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the Union army. She explains how Lee fought both a physical and mental fight during the Civil War. The physical fight consisted of any aid she could provide for “her” soldiers; this is what she called her “soldier work.” This “soldier work” consisted of providing food, hospital care, boarding Confederate soldiers, sewing uniforms, running an underground mail service and building up a contraband store for her army. The mental fight on the other hand consisted of Lee using her social and gender ideologies against the Union soldiers. She would use these ideologies to get out of things such as boarding Union soldiers and having her house searched for contrabands. Phipps uses all of these examples to show how woman during the Civil War played a more active role than people would think. For example, she states: “she also provides a more complex perspective, suggesting that woman were much less passive in their war efforts than even their own words may…express.”5 Phipps goes on to explain that General Phillip Sheridan eventually banishes Lee and her nieces from Winchester. She explains, even though the exact reason for their banishment was never stated, Lee felt that “her banishment was a direct result of the social and gendered warfare she waged against the northern army.”6 This is what leads Lee to eventually residing in Baltimore, running a successful boarding house, and eventually passing. Sheila R. Phipps has completed an extensive amount of research and in doing so has provided the public with an extraordinary piece of literature depicting a woman response to the Civil War and her reasons her consistent allegiance to the Confederacy. The book has a great flow and provides the reader with consistent footnotes. Phipps creates a picture of Civil War Virginia by giving the biography of a southern woman whose rebellious nature against the social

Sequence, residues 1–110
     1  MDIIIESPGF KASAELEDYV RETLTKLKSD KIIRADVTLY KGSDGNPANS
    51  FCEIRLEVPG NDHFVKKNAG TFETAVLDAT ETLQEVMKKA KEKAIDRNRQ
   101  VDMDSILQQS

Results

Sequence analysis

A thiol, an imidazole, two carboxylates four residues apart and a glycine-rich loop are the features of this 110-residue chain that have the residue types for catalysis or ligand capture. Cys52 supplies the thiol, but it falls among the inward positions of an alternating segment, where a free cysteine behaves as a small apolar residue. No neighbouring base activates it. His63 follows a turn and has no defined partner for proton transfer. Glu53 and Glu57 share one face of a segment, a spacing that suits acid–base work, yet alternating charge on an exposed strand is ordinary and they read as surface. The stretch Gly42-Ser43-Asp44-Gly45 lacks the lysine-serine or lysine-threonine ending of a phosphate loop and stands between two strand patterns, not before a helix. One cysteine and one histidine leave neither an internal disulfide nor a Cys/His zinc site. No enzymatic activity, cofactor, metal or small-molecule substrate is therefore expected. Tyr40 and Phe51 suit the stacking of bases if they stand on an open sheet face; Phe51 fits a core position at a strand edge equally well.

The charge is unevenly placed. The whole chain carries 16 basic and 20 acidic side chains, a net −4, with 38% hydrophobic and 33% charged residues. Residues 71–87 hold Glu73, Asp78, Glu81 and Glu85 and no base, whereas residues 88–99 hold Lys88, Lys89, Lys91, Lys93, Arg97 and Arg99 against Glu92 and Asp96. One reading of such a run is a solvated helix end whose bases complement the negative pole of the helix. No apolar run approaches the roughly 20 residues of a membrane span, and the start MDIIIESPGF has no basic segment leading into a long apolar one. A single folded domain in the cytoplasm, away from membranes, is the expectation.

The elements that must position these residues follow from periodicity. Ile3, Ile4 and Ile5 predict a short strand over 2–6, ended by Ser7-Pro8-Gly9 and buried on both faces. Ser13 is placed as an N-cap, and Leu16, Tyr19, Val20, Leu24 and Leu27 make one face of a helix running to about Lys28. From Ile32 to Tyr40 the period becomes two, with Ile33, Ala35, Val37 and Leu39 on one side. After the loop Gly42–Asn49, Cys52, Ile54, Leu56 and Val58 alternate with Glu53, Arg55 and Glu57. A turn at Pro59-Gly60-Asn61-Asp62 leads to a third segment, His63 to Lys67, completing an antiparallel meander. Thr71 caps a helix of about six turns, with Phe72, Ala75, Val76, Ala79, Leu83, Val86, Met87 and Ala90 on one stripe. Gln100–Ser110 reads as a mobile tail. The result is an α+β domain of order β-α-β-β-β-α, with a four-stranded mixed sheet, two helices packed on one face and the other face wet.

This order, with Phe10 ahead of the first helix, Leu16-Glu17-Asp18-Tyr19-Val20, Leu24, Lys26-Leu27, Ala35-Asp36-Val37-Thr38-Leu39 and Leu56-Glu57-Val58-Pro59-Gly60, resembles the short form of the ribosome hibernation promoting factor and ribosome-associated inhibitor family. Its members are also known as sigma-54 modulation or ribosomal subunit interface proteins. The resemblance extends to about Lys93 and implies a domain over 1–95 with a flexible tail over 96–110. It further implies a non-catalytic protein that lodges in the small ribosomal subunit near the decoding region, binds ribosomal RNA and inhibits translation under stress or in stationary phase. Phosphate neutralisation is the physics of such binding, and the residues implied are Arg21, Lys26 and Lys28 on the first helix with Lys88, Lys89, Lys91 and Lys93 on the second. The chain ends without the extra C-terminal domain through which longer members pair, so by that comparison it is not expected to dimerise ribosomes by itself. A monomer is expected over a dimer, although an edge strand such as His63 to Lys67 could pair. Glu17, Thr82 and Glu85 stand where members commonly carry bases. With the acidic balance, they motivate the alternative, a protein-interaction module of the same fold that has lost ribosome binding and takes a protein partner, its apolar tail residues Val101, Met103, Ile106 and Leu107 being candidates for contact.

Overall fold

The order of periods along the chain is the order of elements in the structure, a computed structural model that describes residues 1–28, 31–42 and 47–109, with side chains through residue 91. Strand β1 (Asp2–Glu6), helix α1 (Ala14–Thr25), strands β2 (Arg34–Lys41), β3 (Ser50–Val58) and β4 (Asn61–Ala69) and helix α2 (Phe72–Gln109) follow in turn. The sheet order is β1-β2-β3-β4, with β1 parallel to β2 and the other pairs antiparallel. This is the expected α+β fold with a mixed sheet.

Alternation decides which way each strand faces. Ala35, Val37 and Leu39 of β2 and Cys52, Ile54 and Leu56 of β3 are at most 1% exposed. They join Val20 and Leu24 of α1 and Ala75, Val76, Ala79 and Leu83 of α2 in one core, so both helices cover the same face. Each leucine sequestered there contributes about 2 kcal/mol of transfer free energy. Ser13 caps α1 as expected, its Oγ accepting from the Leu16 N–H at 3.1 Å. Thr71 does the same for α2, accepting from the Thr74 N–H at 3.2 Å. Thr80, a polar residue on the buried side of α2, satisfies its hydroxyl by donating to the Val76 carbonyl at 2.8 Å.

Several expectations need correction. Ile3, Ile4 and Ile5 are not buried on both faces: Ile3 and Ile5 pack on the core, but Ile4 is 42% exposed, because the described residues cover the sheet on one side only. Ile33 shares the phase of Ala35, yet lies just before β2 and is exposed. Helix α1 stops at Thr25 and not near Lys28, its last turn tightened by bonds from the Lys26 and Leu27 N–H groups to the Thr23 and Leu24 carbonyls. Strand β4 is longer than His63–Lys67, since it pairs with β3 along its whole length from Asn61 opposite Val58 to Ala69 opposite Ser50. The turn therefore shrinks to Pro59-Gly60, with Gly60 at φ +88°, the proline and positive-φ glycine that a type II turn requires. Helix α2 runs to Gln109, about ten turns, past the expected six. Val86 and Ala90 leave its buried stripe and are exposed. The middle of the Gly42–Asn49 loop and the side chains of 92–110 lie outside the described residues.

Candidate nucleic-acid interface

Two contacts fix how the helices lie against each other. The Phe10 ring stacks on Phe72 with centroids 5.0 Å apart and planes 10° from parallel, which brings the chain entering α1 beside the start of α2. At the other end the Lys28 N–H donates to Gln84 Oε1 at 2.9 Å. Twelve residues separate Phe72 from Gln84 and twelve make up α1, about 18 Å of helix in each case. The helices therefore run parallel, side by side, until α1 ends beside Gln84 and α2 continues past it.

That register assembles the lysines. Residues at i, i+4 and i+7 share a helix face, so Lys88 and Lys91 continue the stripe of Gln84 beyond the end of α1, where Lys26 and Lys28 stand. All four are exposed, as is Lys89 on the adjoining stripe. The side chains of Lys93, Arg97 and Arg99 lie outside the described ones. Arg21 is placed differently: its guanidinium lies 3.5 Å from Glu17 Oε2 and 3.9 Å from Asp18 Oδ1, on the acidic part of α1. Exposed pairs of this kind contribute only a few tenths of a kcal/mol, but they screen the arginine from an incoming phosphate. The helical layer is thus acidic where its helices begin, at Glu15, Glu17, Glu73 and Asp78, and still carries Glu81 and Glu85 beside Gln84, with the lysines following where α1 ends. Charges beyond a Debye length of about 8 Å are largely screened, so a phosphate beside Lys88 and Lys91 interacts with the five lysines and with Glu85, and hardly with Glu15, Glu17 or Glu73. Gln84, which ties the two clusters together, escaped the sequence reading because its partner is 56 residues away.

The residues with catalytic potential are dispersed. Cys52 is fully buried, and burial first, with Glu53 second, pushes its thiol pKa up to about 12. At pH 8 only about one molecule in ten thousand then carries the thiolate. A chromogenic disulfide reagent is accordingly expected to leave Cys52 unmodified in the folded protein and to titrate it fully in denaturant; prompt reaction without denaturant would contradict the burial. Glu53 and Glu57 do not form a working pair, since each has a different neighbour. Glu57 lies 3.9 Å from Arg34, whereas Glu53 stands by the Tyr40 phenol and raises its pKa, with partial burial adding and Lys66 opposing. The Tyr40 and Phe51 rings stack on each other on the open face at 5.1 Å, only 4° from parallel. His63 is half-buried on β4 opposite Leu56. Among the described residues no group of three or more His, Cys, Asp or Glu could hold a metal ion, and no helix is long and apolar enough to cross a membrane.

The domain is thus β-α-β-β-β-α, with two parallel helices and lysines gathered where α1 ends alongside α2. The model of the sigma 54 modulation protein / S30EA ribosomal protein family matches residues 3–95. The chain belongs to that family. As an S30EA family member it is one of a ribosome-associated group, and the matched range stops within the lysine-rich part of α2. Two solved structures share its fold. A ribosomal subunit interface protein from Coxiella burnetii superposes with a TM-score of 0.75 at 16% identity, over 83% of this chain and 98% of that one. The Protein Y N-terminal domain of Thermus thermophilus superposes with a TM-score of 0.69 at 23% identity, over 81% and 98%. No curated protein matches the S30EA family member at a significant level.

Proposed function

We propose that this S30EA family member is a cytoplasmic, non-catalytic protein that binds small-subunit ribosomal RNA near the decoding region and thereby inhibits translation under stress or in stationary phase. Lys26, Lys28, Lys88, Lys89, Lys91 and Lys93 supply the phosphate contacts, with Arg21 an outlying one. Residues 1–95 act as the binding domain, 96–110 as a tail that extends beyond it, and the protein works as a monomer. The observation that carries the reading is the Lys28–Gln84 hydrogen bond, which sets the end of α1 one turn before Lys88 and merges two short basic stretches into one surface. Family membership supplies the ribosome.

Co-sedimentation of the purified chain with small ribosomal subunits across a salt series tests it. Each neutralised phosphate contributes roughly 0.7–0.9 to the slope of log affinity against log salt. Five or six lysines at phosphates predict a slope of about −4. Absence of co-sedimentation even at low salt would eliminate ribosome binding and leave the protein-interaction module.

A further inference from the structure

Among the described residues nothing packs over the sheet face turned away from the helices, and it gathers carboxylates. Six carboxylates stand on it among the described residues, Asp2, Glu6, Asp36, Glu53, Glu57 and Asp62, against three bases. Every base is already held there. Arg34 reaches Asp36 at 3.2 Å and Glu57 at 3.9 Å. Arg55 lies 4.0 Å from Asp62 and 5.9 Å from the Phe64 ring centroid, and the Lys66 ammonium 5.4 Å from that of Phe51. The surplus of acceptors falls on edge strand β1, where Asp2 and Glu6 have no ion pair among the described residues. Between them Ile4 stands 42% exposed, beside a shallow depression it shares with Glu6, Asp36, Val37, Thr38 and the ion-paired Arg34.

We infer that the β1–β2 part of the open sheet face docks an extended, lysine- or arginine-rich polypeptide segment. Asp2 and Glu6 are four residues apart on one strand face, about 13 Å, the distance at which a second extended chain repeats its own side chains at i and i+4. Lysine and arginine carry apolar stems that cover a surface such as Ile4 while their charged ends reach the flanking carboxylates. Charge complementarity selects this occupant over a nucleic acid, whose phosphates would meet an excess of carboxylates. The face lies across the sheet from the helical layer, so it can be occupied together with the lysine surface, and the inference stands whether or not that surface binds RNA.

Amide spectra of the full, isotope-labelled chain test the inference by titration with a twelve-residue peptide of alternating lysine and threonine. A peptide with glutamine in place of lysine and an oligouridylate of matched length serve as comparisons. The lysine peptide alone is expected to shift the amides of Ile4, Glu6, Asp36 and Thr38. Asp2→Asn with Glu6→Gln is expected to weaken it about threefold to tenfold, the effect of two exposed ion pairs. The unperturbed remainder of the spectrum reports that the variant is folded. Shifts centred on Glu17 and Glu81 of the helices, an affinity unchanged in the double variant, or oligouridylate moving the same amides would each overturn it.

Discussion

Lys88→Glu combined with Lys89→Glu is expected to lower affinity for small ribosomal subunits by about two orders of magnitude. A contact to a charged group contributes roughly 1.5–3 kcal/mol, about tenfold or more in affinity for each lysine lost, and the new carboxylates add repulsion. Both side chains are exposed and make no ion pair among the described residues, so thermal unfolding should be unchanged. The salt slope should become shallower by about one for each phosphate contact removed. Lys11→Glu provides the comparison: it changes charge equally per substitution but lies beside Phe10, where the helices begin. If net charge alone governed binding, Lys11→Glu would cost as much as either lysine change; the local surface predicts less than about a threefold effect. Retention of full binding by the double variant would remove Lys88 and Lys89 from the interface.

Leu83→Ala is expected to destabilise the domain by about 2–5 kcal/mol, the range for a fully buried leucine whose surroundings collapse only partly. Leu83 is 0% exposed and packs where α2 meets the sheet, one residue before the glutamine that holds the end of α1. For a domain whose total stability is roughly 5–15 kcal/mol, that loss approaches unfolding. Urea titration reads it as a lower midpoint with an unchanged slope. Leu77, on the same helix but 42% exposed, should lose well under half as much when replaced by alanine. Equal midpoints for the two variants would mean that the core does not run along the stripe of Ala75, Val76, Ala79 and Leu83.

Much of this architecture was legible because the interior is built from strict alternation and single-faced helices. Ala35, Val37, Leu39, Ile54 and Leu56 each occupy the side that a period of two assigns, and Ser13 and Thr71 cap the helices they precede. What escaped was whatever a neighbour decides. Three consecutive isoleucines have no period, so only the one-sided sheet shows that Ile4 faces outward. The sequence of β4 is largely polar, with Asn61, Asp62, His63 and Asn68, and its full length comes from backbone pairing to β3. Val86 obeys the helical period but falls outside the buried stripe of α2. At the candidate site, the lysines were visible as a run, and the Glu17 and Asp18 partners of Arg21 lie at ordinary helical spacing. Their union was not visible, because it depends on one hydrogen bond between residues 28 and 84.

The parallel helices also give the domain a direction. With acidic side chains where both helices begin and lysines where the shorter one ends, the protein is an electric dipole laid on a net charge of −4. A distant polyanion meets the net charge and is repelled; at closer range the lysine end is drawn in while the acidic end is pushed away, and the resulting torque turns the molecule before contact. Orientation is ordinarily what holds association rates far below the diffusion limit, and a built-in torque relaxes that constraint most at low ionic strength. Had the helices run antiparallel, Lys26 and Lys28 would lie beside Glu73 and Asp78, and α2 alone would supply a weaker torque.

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standards of the nineteenth century allowed her to fight the war in her own way eventually turned into a woman who wanted to preserve the ways of the South.